Tuesday, May 14, 2024

Bee Support


Happy Tuesday!

Most of my time right now is spent working in the garden.  It feels good but it also feels good to have a break this week while we deal with cooler temps and frequent rain storms.  My knees thank Mother Nature for the break.

Nann and I have been having an comment/email conversation about bee support.  Last year my friend in Maine told me about a "No mow May" program that was popular in her state.  In sum, participants refrain from mowing (or mow less) during the month of May to help pollinators like bees.  From what I've read, the initial program was begun in the United Kingdom and spread to many areas of the United States now.

Nann sent me this link to an article of the program around Chicago.  Another good resource is here and is a non-profit to support bees. 

Early honey bee quilt, the quilt was originally made in the mid 19th century.

I've never really understood what some might refer to as an obsession with grass and lawn care.  But in my city, weeds or long grass are illegal.  In fact homeowners can be fined for the "nuisance" of the overgrown lawn.  This is ironic considering that the city parks are unsightly with deep strips of weeds along the creeks and waterways.

I'm wondering if were you live has a policy to protect the bees and the environment.  If so, could you email or comment?

Tomorrow I'll talk about my alternative in my garden.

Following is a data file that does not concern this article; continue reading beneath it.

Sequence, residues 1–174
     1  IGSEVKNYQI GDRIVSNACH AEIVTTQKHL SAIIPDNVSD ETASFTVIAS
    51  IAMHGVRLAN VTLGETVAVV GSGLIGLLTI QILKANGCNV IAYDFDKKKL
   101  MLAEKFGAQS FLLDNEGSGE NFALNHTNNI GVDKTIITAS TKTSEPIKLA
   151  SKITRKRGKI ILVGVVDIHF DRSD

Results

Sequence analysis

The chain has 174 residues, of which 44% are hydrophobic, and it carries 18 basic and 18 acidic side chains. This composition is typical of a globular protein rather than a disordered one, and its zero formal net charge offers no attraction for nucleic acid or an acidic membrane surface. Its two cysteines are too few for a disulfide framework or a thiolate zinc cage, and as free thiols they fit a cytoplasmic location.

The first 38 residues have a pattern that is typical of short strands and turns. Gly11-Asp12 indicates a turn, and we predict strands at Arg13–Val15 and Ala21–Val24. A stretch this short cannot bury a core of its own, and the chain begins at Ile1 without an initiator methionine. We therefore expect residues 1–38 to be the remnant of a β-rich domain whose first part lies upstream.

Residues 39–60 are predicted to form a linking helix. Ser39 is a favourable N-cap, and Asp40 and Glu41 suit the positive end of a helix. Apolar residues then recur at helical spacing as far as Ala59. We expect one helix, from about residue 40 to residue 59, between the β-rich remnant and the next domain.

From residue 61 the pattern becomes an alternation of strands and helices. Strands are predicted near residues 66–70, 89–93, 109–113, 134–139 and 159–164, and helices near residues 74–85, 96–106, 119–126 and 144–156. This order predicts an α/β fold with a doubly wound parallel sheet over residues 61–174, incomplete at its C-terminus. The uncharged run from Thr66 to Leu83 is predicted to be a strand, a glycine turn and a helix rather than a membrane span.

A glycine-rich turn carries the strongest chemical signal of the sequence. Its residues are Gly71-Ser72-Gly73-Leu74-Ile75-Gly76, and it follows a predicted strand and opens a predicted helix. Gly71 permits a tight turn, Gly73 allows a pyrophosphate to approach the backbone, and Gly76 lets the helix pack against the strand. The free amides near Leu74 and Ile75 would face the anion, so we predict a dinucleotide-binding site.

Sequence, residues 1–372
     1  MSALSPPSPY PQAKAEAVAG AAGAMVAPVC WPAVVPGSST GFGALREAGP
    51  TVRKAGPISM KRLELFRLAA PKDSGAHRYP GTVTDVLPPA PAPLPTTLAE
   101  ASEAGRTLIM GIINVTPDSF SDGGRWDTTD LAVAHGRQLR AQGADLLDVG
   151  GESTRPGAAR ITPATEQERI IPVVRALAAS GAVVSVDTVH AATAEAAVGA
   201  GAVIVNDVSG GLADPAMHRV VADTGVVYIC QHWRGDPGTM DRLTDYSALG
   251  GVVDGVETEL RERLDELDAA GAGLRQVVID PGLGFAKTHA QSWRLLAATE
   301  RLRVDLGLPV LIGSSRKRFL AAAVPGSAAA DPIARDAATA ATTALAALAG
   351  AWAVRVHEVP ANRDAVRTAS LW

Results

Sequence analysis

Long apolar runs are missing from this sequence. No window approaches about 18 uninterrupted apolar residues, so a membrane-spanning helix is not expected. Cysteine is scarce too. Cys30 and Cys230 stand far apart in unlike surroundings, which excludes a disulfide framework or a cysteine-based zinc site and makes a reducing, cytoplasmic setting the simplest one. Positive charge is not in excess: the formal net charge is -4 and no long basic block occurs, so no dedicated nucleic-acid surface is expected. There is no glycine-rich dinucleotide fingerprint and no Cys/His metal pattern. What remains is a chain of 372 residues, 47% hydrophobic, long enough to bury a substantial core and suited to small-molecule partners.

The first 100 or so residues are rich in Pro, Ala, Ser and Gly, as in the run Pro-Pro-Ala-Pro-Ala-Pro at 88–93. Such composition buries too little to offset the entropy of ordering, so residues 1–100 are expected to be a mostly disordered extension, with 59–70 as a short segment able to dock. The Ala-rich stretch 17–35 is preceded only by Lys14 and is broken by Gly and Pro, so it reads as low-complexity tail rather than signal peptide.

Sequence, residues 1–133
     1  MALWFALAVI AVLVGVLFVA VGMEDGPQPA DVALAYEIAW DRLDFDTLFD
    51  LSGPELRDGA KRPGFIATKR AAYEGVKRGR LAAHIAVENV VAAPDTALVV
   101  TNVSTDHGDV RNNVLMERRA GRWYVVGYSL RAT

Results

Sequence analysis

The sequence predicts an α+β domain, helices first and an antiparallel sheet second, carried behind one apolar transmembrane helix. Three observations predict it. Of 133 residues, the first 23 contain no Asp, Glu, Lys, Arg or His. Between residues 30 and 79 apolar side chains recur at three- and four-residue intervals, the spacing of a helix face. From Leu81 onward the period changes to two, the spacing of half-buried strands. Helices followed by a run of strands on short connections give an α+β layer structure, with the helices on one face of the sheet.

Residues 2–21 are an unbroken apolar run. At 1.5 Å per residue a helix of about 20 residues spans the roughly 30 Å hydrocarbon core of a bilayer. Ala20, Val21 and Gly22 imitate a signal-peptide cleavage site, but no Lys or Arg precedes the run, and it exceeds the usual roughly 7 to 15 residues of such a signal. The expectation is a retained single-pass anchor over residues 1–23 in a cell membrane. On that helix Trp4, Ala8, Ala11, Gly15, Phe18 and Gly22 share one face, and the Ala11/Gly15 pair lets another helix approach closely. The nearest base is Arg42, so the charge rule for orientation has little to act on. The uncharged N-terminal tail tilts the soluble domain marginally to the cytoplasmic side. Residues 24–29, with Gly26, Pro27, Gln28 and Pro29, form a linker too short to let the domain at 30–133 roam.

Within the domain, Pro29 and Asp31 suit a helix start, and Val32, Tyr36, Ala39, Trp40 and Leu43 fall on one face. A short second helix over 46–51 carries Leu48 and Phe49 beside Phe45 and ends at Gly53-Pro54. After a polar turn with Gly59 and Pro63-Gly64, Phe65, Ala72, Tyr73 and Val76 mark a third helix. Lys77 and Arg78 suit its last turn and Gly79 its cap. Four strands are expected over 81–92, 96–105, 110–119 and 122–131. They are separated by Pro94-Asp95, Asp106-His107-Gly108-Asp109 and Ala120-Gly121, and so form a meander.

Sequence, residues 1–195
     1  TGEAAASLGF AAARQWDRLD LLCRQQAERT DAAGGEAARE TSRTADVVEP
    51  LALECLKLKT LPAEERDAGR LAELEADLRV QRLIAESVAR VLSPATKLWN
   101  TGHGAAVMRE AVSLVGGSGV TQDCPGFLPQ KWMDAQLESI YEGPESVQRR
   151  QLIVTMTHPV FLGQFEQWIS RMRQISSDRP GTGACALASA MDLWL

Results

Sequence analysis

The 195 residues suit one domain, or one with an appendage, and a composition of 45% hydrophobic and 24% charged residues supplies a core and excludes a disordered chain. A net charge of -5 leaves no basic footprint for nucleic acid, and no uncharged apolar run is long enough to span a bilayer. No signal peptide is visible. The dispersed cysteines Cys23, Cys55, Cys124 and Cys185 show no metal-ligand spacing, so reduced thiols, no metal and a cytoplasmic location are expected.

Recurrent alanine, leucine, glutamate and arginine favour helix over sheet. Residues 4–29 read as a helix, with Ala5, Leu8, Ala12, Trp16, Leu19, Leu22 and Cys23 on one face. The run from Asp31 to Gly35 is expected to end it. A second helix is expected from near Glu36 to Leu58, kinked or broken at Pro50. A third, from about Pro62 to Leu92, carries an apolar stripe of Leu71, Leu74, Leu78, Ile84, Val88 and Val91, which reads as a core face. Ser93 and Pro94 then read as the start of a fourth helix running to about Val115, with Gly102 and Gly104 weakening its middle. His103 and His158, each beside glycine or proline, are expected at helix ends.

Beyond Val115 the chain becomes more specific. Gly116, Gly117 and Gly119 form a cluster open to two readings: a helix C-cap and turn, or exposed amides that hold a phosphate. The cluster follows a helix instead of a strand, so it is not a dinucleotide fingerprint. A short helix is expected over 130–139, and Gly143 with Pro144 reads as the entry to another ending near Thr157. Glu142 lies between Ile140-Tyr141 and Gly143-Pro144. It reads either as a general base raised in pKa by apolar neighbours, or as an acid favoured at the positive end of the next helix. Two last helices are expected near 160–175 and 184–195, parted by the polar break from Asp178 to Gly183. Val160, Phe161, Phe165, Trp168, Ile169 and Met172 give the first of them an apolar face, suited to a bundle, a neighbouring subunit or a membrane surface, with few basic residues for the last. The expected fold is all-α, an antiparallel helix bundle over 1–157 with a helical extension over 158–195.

Have a safe and happy day!


  1. We are asked not to use fertilizer on our lawns because of run off into the Delaware River. Yet, go to the township community center and there is a sign in the beautiful, perfect, luxurious grass stating that the area is maintained by Lawn Doctor. Go figure.

  2. We have no restrictions that I know of in our little town, but here in Texas the highways and other wildflower areas are not mowed until the Texas wildflowers have died back and seeded.
    We have bees around a vitex tree in our back yard, and they sometimes get in our crape myrtles, but we don't see many around here. I would welcome them.
    I love my husband dearly, but we have an argument yearly about spraying for wasps and weeds. I tell him I'd rather try other means, but he is a spray guy and always has been - maybe that's why we don't see many bees.
    I have my little organic garden areas, and I "catch and release" spiders and wasps and other bugs daily, rather than use bug spray. I haven't overcome my dislike of fire ants though, and there is really nothing we seem to do that does anything but make them move to another place.

  3. I am just thrilled milkweed has come of the nuisance list in my state and we can hope for more butterflies...I am in a rural area and it amazes me how many farmers MOW (not just wack down) along the road ways...what a waste!